None of those claims holds up under scrutiny.
For starters, foreign exporters are hardly “eating our lunch.” The United States exported roughly twice as much in 2000 as it did in 1990. By comparison, Germany’s exports were 34 percent higher, Japan’s 66 percent higher, the U.K.‘s 51 percent higher, and France — by most accounts a generous user of export credits — posted a gain of only 36 percent. The fact is that U.S. exporters don’t suffer much from subsidized competition. Indeed, only a third of Ex‐Im Bank financing requests — representing a fraction of one percent of all U.S. exports — even allege that they’re in response to foreign subsidies.
Only Canada managed to surpass the United States in terms of relative export growth. Yet according to a 1997 GAO analysis of official export support, Canada and the United States subsidized only 2 percent of their exports. By contrast, Japan’s export credit agencies supported 32 percent of total exports, France’s supported 18 percent, and Germany’s 9 percent. In other words, the relationship between generous government export supports and the overall performance of national exporters has not fit the pattern predicted by the Ex‐Im Bank’s supporters: Countries with a relatively small percentage of subsidized exports have been the strongest exporters. Another myth is that the Ex‐Im Bank creates jobs. In reality, it often simply displaces private‐sector sources of finance. There’s no reason to think that the Ex‐Im Bank knows how to better use financial resources than the consumers, investors, and businesses those resources are taken from. In fact, by overriding the market, the Bank directs credit to less efficient uses, creating distortions in the national economy, and imposing opportunity costs that are surely higher than the added value of the Bank’s intervention.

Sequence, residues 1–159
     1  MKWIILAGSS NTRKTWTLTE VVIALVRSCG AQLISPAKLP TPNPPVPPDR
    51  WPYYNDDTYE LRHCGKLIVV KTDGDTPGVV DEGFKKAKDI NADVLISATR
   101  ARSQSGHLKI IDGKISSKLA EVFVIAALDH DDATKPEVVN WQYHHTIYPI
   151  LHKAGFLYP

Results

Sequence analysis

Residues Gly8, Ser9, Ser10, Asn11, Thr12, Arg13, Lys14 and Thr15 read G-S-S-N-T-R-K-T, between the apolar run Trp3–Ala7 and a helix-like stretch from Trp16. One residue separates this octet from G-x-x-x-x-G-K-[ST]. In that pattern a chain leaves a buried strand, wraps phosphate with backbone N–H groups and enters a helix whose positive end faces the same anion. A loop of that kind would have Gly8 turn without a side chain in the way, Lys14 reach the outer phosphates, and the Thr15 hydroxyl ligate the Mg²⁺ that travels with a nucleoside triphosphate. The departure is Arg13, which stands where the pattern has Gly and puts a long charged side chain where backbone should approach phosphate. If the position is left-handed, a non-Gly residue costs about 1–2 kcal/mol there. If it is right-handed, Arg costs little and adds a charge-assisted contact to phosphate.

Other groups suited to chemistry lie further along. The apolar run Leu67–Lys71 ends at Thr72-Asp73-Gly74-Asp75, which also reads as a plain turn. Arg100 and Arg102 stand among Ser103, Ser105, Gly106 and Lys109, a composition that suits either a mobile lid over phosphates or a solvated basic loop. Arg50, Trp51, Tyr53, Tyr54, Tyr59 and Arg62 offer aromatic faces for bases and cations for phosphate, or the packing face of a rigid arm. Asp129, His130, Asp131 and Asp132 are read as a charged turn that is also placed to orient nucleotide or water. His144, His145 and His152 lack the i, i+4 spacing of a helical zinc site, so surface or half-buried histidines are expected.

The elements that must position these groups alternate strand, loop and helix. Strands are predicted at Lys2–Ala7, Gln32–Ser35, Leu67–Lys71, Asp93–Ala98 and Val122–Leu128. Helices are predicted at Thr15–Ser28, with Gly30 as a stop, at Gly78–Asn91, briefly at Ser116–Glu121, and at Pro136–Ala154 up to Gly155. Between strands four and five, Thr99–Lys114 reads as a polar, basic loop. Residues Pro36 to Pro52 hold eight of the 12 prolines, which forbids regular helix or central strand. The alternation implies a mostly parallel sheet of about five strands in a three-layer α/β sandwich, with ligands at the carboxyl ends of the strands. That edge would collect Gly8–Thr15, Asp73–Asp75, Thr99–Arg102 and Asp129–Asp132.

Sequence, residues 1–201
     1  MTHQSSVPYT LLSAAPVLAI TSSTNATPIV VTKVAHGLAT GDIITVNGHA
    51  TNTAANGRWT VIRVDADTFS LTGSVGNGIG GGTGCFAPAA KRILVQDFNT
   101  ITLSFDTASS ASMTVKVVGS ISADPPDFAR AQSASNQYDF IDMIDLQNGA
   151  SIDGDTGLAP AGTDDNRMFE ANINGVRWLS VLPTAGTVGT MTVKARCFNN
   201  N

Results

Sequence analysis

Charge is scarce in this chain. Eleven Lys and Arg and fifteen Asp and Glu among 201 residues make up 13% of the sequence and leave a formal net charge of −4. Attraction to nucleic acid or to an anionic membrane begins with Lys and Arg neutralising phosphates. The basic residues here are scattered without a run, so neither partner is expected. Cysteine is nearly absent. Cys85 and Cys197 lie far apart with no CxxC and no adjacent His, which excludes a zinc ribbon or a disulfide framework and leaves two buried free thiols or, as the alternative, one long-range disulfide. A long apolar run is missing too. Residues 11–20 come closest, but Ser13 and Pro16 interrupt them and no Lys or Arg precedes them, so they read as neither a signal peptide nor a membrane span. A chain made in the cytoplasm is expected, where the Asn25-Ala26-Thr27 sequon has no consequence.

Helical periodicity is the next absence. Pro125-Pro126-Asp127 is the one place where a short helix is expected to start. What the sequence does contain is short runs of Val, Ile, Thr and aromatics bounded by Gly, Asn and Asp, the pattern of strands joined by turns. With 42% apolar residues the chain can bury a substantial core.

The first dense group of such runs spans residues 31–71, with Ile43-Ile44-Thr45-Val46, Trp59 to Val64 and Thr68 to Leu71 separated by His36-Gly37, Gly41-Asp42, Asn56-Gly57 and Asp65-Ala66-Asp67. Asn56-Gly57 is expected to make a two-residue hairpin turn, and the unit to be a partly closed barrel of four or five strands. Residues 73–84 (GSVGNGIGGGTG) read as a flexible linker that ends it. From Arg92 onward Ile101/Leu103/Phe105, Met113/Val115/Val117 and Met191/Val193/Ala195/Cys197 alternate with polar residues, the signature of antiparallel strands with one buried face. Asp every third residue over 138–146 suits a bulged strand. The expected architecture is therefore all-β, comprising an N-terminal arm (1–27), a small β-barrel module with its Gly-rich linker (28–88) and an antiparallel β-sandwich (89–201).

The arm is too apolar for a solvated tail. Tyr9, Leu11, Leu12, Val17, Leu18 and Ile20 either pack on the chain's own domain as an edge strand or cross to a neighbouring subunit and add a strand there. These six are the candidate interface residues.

Assume that the Bank succeeds in raising the level of U.S. exports in some particular year. What happens then? Foreign buyers must have U.S. dollars to complete their purchases. They obtain those dollars by buying them in international currency markets, thus bidding up the price of dollars. The stronger dollar does two things. It makes exporting more difficult for producers that do not have subsidized financing, thus reducing somewhat the total amount of non subsidized U.S. exports. A stronger dollar also makes imports more attractive to U.S. consumers. The net effect is that imports rise right along with exports. Some jobs are created in the export sector, while some are lost to import competition and some to reduced sales among unsubsidized exporters. The cumulative impact on employment is indeterminate and weak.
The same analysis holds for the trade deficit. And even if subsidized export credit could alter the trade balance, it is far too small to make any serious impact. Only about 1 percent of all U.S. goods and services exports were backed by the Ex‐Im Bank last year. Thus, for reasons of size alone, those who mistakenly view the U.S. trade deficit as a sign of weakness rather than as a sign of strength should not expect the Ex‐Im Bank to correct the perceived malady.
In short, none of the reasons offered for the Bank’s continued existence is convincing. Private credit markets are far deeper and are more accessible than during the Great Depression when the Bank was founded. Generous export subsidies have not translated into better overall export performance for those countries that offer them. Export subsidies don’t increase employment nor do they have any significant impact on the trade balance. Finally, it is neither fair nor constitutional that taxpayer dollars are being used to support particular businesses, including Enron, GE, and numerous other multibillion‐dollar beneficiaries. Indeed, in FY2000, the top 10 recipients of the Bank’s loans and long‐term guarantees were large corporations that got 86 percent of those services. Definitely an agency whose time has passed.